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What is the allowance method?

The allowance method is used to calculate the amounts to be reported on a corporation's financial statements as the result of selling goods and/or providing services on credit. (However, a U.S. corporation should use the direct write-off method for calculating the amount for its income tax return.)

Under the allowance method, the corporation should record an adjusting entry at the end of each accounting period for the amount of the losses it anticipates as the result of extending credit to its customers. The adjustment that increases the amount of the losses is a debit to the operating expense account Bad Debts Expense and a credit to the contra-asset account Allowance for Doubtful Accounts. Under this method, the entry to write off a specific uncollectible account will require a debit to Allowance for Doubtful Accounts and a credit to Accounts Receivable.

There are two reasons why the allowance method is preferred over the direct write-off method:

  • The income statement will report the bad debts expense earlier, and
  • The balance sheet will report a more realistic net amount of accounts receivable

The allowance method can be applied in one or both of the following ways:

  • Focusing on the bad debts expense that is needed on the income statement
  • Focusing on the balance needed in Allowance for Doubtful Accounts (which will be reported on the balance sheet)

We will contrast these two techniques by assuming that a corporation begins operations on November 1 in an industry where it is common to give credit terms of net 30 days. In this industry approximately 0.3% of credit sales will not be collected.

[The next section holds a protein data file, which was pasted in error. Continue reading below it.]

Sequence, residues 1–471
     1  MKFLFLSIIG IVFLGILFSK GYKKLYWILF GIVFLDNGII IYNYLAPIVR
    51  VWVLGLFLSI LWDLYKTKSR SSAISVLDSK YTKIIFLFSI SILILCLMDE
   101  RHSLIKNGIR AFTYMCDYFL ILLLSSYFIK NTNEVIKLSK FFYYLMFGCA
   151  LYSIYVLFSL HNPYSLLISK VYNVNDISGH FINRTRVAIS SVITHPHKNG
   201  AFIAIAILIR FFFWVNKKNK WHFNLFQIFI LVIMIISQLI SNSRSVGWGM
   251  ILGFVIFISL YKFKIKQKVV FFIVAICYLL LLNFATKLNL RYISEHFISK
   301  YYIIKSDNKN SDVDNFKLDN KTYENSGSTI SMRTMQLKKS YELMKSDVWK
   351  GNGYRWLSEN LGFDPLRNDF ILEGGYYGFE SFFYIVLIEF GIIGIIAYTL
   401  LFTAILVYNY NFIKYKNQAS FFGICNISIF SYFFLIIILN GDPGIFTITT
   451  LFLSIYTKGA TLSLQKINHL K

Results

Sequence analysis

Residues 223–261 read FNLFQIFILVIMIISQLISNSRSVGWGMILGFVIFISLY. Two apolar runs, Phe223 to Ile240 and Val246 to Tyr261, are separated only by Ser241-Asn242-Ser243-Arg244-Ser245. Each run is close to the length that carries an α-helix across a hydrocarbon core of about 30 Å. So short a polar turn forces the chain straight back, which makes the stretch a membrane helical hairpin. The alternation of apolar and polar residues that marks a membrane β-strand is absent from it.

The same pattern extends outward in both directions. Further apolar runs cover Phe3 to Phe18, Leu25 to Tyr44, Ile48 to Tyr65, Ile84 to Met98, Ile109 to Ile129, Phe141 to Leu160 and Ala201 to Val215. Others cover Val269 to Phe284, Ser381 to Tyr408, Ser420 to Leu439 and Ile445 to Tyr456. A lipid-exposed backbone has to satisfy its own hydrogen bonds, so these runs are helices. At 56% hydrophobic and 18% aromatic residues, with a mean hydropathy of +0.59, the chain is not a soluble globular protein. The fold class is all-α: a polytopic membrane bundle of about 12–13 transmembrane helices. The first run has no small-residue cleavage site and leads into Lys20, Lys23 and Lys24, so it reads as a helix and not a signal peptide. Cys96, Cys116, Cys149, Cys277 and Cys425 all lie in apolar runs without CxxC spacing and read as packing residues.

Focusing on the bad debts expense. If the corporation's actual credit sales for November are $800,000 it will record an adjusting entry dated November 30 to debit Bad Debts Expense for $2,400 and credit Allowance for Doubtful Accounts for $2,400 ($800,000 X 0.003). As a result, the November income statement will be matching $2,400 of bad debts expense with the credit sales of $800,000. If no amounts were collected as of November 30, the balance sheet will report Accounts Receivable of $800,000 minus a $2,400 credit balance in the Allowance for Doubtful Accounts for a net amount of $797,600.

Focusing on the allowance for doubtful accounts. With this balance sheet focus, a corporation will adjust the balance in the account Allowance for Doubtful Accounts so that the combination of its credit balance and the debit balance in Accounts Receivable will be equal to the amount that is expected to turn to cash. The expected amount is often determined by aging the accounts receivable.

Focusing on both. A corporation that prepares weekly financial statements might prepare weekly adjusting entries that are focused on the amount of bad debts expense reported on the income statement. However, at the end of each fiscal quarter its adjusting entry will be focused on reporting the most realistic amount for the allowance for doubtful accounts that will be reported on the balance sheet.

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